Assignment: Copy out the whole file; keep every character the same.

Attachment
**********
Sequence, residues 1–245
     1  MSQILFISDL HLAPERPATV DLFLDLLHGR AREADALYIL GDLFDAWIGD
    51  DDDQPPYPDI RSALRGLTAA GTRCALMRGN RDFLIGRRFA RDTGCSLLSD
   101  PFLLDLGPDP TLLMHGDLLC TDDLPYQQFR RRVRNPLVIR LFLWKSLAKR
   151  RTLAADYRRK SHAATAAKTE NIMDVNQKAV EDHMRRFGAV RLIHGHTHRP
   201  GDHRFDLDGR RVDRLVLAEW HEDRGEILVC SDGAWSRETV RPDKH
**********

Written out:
Sequence, residues 1–245
     1  MSQILFISDL HLAPERPATV DLFLDLLHGR AREADALYIL GDLFDAWIGD
    51  DDDQPPYPDI RSALRGLTAA GTRCALMRGN RDFLIGRRFA RDTGCSLLSD
   101  PFLLDLGPDP TLLMHGDLLC TDDLPYQQFR RRVRNPLVIR LFLWKSLAKR
   151  RTLAADYRRK SHAATAAKTE NIMDVNQKAV EDHMRRFGAV RLIHGHTHRP
   201  GDHRFDLDGR RVDRLVLAEW HEDRGEILVC SDGAWSRETV RPDKH